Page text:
4.4. Recycling of Debris Can Aid in Recovery

The debris itself, following separation/removal of any hazardous components, can also be a resource for the area to rebuild roads, buildings, and landfills. Inert soils and sediments, ground concrete, and mulched vegetative materials can be used for landfill covers, which are generally needed in large quantities. Concrete, asphalt road base, inert rocks, petroleum-contaminated soils, and ground asphalt shingles can be used by asphalt plants to repair or replace damaged roads [22]. Similarly, ground concrete, rocks, sand, and other materials can be used as aggregate for the new concrete needed for construction. Plant material can be composted and reused as fertilizer to promote new growth at damaged parks. Logs can be used to stabilize slopes and waterways [23]. For example, whole trees or large debris can be placed perpendicular to eroding banks to deflect the current and help to “train” the channel to a desired position. Studies on a Vermont river showed that adequate erosion protection was obtained for 4-5 years by using whole trees that were 0.6 to 0.9 m in diameter [24].

4.5. Building Demolition Is an Area of Potential Improvement

Building demolition can be a challenging issue; complicating building waste issues are home and office furniture, appliances, and computer equipment that is typically mixed with these wastes [25]. Furthermore, hazardous components can also be mixed in with the building material wastes, including asbestos (insulation in older homes, shingles, and flooring), lead (in lead-based paints and old plumbing systems), polychlorinated biphenyls (electrical transformers), chemicals and petroleum products, and mercury from electrical switching equipment [17, 23, 26]. However, the resulting building debris offers a tremendous opportunity for recycling. By assessing a building, before dismantling it, better results can be obtained regarding separation of hazardous and problem wastes and materials can be better recycled [25]. A program to develop guidance to rapidly assess buildings would be useful. Training programs could be developed to quickly train personnel in these techniques [23]. Phased demolition can maximize the recovery or reusable materials.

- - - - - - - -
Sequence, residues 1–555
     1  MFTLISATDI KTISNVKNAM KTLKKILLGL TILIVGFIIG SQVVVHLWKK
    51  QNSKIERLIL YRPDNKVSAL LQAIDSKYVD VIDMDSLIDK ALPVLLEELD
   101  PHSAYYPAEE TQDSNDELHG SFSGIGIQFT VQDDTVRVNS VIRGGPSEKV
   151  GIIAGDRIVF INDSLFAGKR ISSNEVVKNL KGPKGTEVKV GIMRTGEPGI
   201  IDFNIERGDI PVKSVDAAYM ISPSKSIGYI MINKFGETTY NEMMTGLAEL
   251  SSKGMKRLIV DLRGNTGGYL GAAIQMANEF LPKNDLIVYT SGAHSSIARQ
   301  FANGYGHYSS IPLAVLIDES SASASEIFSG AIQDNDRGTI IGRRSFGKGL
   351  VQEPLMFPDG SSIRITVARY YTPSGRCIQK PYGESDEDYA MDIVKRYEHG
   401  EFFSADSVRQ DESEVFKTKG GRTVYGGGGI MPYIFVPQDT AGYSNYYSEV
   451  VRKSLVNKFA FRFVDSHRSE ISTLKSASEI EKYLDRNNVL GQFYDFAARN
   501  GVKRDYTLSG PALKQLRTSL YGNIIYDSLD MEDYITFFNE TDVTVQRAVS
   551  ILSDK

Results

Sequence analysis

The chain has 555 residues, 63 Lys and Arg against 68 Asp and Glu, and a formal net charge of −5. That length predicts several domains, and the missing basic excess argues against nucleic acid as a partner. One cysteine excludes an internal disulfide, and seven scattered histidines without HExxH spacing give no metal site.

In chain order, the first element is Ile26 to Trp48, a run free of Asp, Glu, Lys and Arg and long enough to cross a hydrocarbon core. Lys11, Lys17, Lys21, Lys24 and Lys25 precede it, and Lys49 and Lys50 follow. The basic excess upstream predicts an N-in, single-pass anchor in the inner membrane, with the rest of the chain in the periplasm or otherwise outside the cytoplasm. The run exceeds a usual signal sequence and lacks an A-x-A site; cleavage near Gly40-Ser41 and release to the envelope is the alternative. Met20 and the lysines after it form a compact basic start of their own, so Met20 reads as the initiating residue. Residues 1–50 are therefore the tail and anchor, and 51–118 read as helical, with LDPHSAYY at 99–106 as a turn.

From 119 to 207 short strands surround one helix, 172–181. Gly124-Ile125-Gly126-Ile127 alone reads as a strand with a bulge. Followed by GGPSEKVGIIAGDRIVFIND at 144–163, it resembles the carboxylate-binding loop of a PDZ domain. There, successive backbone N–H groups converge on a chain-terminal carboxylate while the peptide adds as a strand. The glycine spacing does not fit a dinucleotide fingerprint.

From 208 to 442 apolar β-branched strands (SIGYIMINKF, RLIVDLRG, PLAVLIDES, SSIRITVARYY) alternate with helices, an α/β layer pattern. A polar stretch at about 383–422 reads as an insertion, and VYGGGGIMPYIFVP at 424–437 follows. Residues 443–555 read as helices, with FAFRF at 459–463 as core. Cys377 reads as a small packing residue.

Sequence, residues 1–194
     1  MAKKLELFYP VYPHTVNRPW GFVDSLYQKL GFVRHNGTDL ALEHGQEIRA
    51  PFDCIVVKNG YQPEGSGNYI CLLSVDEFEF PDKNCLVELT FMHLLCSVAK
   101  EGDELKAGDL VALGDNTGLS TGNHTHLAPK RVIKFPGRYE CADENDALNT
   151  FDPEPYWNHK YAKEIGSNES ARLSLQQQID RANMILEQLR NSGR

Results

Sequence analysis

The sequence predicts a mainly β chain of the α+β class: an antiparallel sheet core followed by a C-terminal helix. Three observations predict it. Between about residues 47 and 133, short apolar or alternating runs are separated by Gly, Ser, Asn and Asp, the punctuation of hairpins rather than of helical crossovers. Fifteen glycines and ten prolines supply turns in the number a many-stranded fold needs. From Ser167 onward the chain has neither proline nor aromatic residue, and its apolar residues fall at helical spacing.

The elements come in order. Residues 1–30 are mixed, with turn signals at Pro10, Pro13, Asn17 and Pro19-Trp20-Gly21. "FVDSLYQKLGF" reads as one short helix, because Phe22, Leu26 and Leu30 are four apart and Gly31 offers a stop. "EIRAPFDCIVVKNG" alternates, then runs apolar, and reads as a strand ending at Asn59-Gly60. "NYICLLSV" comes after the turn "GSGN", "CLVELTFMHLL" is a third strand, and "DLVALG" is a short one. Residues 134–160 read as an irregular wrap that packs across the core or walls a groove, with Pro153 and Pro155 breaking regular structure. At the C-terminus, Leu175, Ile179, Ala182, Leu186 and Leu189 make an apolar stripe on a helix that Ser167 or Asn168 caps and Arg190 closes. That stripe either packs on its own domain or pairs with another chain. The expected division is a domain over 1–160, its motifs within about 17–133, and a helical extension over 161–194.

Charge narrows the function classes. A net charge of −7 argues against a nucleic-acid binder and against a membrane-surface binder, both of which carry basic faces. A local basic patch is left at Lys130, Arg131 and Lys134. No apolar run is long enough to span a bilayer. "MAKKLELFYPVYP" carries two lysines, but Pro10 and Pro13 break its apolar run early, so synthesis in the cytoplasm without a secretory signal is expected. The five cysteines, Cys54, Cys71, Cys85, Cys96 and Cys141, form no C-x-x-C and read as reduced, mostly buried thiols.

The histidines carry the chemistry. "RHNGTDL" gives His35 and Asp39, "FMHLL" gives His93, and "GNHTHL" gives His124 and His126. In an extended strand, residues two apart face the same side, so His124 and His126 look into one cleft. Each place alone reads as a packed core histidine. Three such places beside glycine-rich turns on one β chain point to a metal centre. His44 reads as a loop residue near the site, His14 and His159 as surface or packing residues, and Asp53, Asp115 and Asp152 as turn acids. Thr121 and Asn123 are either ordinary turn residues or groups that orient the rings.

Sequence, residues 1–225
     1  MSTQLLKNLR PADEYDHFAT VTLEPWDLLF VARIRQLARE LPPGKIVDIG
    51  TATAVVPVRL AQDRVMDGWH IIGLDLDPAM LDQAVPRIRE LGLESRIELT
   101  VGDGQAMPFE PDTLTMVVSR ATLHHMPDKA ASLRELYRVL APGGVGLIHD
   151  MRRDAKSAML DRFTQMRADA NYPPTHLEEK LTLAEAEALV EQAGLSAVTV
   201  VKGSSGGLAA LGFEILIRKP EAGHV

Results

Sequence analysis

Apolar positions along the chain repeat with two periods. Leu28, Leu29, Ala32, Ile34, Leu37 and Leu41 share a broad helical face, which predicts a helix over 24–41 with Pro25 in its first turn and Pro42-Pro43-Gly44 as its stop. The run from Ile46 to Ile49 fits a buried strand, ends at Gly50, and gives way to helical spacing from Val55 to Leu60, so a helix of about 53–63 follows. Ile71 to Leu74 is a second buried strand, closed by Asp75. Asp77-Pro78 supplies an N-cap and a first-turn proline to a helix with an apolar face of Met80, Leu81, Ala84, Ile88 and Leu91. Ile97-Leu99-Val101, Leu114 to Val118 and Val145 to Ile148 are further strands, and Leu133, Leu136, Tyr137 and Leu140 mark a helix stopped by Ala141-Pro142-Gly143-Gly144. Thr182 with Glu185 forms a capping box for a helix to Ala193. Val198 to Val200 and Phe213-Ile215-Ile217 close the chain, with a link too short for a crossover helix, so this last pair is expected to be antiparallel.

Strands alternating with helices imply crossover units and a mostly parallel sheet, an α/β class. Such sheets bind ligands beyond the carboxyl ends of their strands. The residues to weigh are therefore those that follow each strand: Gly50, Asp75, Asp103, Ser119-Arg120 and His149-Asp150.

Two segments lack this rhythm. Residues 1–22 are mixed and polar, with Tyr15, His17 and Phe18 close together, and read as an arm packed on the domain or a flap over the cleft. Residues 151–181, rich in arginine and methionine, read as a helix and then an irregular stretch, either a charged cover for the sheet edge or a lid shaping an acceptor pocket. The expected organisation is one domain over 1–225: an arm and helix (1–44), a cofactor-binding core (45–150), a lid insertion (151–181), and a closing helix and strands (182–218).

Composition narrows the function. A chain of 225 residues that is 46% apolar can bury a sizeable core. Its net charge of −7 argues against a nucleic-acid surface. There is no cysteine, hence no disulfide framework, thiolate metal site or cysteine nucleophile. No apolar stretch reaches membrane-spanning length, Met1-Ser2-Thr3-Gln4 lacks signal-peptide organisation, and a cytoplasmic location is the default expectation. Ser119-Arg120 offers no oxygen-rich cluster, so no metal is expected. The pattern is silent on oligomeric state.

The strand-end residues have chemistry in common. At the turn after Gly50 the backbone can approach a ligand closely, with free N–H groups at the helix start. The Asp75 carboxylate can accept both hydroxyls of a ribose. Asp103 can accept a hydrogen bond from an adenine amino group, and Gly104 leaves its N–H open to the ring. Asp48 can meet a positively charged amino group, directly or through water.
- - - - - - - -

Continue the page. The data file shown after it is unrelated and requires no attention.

4.6. Staging Areas Are Critical for Reuse of Debris

Reuse and recycling requires staging areas where materials can be sorted and stockpiled. During Katrina, this was accomplished by establishing TDSRS sites. These areas proved to be very successful. Plans need to incorporate these areas for future disasters. In addition, plans need to include the restoration of these sites by regrading, planting, and so forth.

5. Conclusion and Recommendations

In conclusion, in spite of challenges due to the massive amount of debris generation, the USACE developed an effective approach for recycling debris. Development of TDSRS sites and policies on waste handling contributed to this success. Recycling saved valuable landfill space and provided useful products for recovery. The costs of recycling were partially offset by savings of landfill disposal costs. Strong planning is required for effective recycling to occur.

The USACE should modify the administrative staff to enhance the marketing and beneficial use of storm debris. This includes commercial and private use of reduced vegetative debris (i.e., chips, mulch, fertilizer, ash, etc.) and the use of logs for stream stabilization. This may involve modifying the contract to allow the USACE to determine the vegetative debris reduction method utilized in specific areas. Increased recycling of construction and demolition debris would require an enhanced assessment of structures and a better system of segregating components. The USACE should solicit proposals from recyclers willing to process segregated debris on TDSRS. Implementing these measures would increase USACE TDSRS costs but reduce the total USACE debris management costs (i.e., reduction, hauling, and/or tipping fees).